"A person who manufactures any of the articles mentioned in this section may purchase and possess liquor for that purpose, but he shall secure permits to manufacture such articles and to purchase such liquor, give the bonds, keep the records, and make the reports specified in this act and as directed by the Commissioner. No such manufacturer shall sell, use, or dispose of any liquor otherwise than as an ingredient of the articles authorized to be manufactured therefrom. No more alcohol shall be used in the manufacture of any extract, syrup, or the articles named in paragraphs (b), (c), and (d) of this section which may be used for beverage purposes than the quantity necessary for extraction or solution of the elements contained therein and for the preservation of the article."

The section concludes with a paragraph denouncing the sale of the exempted articles for beverage purposes. Section 5, tit. 2 (Comp. St. § 10138½bb) provides for a rule on a manufacturer in certain cases to show cause why the article "should not be dealt with as an intoxicating liquor," and his permit revoked.

It is to be noted that the articles mentioned in section 4 remain subject to the act as intoxicating liquor until they are placed on the market, and even after that time, if there has not been a compliance with that section, and section 5 recognizes that fact. It is also to be noted that, wherever provision is made for the obtaining of a permit under sections 3, 4, and 6, tit. 2 (Comp. St. §§ 10138½aa, 10138½b, 10138½c), the word "liquor" is used in connection with "permit."

Section 9 provides procedure for revocation of permits and for review of revocation orders in chancery. The language of this section merely uses the word "permit," and does not use the word "liquor" in connection therewith.

Under the contentions made for complainant, he has the right to a permit under section 4, tit. 2, right to a review under section 6, tit. 2, in case of a refusal to grant a permit, and right to insist upon compliance with the provisions of section 9, tit. 2, as to the procedure to revoke a permit; but he is not subject to the other part of section 6, providing for expiration of permits by lapse of time because of the use therein of the word "liquor" in connection with the reference to permits.

Title 2 applies to all liquids containing alcohol. Alcohol is an intoxicating liquor under section 1, and the preparations mentioned in section 4, containing alcohol, are also regulated as intoxicating liquors. In fact, denatured alcohol is expressly, by said section, subject to the provisions of the act as intoxicating liquor, being exempted to a limited extent only under the conditions named in said section. The alcoholic ingredient of any of the articles mentioned in the six clauses specifying the exempted articles is expressly referred to as "liquor" in said section, which prescribes that a permit must be had therefor. Said section also limits the amount of "alcohol" which may be used in the manufacture of any of said articles, including, of course, the articles manufactured by complainant. The section recognizes that said articles exempted, including complainant's articles may be used and sold for intoxicating beverage purposes.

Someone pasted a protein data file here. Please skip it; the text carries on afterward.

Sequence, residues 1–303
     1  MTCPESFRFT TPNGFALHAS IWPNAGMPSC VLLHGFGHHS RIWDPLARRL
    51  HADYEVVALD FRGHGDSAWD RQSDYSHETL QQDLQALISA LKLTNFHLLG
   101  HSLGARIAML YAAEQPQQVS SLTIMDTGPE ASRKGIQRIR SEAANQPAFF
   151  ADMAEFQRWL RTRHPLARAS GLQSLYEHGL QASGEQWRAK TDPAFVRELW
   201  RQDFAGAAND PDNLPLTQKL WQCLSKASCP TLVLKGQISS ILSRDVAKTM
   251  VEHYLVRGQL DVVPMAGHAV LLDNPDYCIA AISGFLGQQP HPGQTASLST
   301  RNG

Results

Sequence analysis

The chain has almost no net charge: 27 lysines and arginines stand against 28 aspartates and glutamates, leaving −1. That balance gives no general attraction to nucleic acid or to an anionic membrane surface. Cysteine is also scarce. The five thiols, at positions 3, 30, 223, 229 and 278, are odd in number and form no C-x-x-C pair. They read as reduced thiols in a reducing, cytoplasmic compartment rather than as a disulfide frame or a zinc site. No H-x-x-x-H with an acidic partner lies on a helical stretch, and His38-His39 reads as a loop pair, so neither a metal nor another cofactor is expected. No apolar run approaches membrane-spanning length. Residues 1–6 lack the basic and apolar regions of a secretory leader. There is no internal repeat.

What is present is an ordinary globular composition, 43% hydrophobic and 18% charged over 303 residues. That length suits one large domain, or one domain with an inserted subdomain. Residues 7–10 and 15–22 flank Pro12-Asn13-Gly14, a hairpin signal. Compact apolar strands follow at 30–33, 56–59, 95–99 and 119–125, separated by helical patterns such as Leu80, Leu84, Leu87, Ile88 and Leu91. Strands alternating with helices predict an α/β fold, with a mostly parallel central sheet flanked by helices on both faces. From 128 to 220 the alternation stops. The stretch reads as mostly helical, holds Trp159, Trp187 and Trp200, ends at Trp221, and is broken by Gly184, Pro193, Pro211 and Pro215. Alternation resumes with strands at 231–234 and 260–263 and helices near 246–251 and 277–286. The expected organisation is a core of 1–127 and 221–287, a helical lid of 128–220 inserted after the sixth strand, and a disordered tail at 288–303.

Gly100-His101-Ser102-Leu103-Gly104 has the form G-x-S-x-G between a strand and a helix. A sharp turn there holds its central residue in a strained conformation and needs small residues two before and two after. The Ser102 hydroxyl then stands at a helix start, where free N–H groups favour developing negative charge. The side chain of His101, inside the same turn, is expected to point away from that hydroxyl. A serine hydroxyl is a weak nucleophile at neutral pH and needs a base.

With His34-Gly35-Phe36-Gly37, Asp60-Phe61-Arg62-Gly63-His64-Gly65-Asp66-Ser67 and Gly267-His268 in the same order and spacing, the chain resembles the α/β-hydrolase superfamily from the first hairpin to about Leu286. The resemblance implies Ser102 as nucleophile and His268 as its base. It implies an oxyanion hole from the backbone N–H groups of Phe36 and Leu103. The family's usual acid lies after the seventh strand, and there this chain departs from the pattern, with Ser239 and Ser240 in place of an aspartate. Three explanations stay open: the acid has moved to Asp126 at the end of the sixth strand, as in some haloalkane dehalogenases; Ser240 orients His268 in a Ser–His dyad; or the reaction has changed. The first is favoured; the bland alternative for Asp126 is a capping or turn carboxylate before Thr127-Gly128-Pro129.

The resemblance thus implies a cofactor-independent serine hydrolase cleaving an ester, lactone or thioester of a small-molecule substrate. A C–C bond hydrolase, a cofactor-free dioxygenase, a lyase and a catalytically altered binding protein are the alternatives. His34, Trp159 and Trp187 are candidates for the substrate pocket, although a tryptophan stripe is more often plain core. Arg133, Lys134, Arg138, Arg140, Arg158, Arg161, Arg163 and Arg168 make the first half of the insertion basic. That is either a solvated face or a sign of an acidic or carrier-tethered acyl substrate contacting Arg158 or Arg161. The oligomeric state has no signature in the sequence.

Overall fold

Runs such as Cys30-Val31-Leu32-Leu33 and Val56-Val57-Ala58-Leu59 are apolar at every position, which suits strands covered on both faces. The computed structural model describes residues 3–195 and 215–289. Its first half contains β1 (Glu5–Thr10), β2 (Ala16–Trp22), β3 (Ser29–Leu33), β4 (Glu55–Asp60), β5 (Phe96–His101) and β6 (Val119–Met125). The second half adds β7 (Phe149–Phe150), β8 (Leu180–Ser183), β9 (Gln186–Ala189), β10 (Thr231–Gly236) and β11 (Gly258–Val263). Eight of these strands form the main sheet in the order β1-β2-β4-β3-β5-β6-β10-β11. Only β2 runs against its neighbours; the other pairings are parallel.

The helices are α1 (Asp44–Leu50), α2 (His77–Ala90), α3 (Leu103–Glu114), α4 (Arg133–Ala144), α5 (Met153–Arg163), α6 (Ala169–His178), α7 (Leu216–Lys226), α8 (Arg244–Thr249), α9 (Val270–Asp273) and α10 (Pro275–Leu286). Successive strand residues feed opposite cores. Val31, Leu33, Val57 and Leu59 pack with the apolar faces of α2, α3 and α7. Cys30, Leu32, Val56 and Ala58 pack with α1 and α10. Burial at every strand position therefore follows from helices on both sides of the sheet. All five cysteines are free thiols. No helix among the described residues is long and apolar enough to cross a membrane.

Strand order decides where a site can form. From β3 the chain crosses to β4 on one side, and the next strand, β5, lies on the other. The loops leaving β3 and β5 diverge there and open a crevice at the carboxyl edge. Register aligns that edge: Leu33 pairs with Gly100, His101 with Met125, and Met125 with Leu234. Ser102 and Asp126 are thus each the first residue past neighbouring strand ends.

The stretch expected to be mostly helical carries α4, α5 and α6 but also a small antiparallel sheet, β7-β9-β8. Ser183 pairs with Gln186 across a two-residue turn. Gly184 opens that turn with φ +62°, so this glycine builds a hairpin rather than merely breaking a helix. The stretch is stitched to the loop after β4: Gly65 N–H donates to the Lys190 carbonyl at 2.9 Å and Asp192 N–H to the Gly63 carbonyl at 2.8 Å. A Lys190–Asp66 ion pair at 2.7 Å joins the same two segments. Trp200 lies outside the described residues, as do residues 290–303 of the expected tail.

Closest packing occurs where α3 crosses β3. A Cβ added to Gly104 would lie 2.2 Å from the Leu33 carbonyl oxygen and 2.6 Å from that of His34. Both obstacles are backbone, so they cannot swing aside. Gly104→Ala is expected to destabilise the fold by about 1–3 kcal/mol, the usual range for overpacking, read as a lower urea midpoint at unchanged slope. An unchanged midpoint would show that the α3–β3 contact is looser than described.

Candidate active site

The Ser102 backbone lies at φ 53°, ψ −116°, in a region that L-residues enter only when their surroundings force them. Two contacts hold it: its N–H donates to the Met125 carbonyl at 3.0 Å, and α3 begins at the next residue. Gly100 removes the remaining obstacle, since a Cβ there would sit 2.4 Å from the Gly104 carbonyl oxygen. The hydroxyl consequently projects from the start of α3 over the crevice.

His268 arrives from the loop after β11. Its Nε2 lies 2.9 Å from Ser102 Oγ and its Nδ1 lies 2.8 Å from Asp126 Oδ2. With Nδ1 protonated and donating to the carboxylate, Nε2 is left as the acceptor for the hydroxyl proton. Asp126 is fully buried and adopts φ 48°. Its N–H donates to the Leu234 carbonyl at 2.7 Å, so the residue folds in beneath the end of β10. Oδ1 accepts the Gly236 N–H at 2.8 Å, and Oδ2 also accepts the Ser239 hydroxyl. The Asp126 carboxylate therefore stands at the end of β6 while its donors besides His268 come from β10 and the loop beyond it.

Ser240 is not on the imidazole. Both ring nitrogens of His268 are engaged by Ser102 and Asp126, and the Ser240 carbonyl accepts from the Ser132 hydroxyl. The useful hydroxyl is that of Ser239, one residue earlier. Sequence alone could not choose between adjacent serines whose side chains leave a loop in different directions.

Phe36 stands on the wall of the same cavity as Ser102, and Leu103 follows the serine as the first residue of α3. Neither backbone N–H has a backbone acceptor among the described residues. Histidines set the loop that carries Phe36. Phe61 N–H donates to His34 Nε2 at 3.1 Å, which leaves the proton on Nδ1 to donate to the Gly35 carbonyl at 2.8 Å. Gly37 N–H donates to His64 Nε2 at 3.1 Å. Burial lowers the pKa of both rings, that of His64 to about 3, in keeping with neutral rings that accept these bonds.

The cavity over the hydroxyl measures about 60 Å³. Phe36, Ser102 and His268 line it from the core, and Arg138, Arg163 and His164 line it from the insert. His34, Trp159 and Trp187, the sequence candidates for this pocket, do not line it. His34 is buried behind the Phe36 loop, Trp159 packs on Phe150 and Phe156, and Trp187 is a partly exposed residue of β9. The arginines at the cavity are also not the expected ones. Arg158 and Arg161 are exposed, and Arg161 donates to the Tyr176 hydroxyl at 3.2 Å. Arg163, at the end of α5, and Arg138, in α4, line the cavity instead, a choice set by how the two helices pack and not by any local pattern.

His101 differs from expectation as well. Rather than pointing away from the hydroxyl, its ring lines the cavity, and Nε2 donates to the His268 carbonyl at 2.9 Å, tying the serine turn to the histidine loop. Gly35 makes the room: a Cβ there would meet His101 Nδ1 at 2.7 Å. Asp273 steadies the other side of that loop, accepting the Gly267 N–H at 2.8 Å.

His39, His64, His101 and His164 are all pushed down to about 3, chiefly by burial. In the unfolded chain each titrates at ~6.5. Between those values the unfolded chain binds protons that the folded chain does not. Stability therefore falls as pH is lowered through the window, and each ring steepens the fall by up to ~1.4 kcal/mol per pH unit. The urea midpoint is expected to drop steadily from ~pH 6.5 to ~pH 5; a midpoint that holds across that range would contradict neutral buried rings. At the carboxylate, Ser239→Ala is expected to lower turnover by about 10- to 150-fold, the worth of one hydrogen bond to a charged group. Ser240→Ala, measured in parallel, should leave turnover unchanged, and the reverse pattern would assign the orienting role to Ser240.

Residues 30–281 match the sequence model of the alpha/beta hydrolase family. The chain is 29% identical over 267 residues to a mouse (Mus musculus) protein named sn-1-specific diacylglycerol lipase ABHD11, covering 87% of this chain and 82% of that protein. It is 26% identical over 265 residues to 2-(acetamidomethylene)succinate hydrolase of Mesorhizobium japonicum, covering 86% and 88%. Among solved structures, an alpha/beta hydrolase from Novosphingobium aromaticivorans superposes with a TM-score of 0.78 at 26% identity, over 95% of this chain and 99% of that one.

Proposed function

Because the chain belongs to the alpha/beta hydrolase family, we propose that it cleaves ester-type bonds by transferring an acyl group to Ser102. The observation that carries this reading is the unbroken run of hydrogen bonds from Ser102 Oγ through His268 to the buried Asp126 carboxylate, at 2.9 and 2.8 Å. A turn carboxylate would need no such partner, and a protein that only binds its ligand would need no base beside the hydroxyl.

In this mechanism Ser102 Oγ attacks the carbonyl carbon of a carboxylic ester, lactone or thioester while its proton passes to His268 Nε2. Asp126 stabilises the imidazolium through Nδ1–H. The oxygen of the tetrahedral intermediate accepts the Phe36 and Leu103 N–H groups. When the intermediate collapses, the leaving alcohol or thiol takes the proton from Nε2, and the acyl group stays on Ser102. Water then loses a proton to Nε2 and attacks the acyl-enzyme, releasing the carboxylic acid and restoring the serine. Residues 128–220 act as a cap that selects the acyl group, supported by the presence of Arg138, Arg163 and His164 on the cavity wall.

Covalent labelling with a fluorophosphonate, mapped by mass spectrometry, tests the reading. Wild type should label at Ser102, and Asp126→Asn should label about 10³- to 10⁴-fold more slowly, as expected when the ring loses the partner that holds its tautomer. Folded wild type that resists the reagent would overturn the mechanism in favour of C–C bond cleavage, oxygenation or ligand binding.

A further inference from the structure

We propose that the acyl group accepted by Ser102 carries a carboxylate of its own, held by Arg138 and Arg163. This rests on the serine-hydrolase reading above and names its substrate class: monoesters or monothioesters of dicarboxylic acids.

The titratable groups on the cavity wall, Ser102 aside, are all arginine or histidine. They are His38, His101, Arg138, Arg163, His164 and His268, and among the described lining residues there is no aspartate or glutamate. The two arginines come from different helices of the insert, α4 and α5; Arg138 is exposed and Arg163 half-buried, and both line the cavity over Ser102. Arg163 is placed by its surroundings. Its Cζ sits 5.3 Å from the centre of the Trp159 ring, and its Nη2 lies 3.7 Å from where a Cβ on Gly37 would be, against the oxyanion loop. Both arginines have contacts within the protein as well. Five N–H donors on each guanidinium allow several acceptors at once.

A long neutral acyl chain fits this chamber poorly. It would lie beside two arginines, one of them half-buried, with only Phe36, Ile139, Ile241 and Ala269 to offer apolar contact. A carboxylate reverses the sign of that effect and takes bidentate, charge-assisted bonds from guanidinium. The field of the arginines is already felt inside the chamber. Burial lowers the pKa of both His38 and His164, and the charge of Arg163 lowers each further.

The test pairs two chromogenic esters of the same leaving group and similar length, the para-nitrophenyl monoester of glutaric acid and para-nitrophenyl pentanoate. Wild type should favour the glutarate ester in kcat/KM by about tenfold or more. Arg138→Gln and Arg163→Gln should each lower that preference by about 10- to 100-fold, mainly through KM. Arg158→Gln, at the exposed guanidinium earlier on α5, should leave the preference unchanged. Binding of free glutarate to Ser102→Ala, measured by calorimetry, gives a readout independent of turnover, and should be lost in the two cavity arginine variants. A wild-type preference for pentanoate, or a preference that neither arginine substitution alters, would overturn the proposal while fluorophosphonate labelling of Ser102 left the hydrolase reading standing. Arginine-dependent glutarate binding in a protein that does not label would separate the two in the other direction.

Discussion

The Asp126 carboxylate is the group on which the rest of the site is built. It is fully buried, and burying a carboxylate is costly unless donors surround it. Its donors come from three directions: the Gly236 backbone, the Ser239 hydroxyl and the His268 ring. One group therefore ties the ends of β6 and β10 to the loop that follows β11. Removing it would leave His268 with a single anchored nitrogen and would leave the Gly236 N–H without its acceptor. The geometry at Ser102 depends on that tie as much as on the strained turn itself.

Section 5, tit. 2, places the burden in a certain class of cases on the manufacturer to show cause why his product should not be "dealt with" as an "intoxicating liquor."

Section 6 treats of the whole matter of the issuance of permits, and it is difficult, especially in view of the rule of liberal construction laid down in section 3 of the act, to hold that the time limitations upon permits expressed in section 6 should be held not to include permits issued to manufacturers under section 4, merely because the word "liquor" is used in section 6 in referring to the permits which expire at the times in said section mentioned. In the case of United States v. Katz, et al., 46 S. Ct. 513, 70 L. Ed. ___, decided May 24, 1926, the Supreme Court said:

"Of the 39 sections in title 2 of the act which deals with National Prohibition, more than half, including the 7 sections which precede section 10 [Comp. St. § 10138½e] contain provisions authorizing or regulating the manufacture, sale, transportation, or use of intoxicating liquor for nonbeverage purposes. These provisions, read together, clearly indicate a statutory plan or scheme to regulate the disposition of alcoholic liquor not prohibited by the Eighteenth Amendment, in such manner as to minimize the danger of its diversion from authorized or permitted uses to beverage purposes."

It would seem, therefore, that the time limitations contained in section 6 apply to the permit here involved, and that said Treasury Decision merely declared what was already the law. In Ma-King v. Blair, supra, the Supreme Court has repeated that:

"The dominant purpose of the act is to prevent the use of intoxicating liquor as a beverage, and all its provisions are to be liberally construed to that end."

I should add that I have not overlooked Higgins v. Foster (C.C.A.) 12 F.2d 646, and Rock v. Blair (D.C.) 13 F.2d 1004. They are by courts of another circuit, and I have not felt constrained to follow them.

Complainant has not established a clear right to injunctive relief, and the injunction will therefore be denied.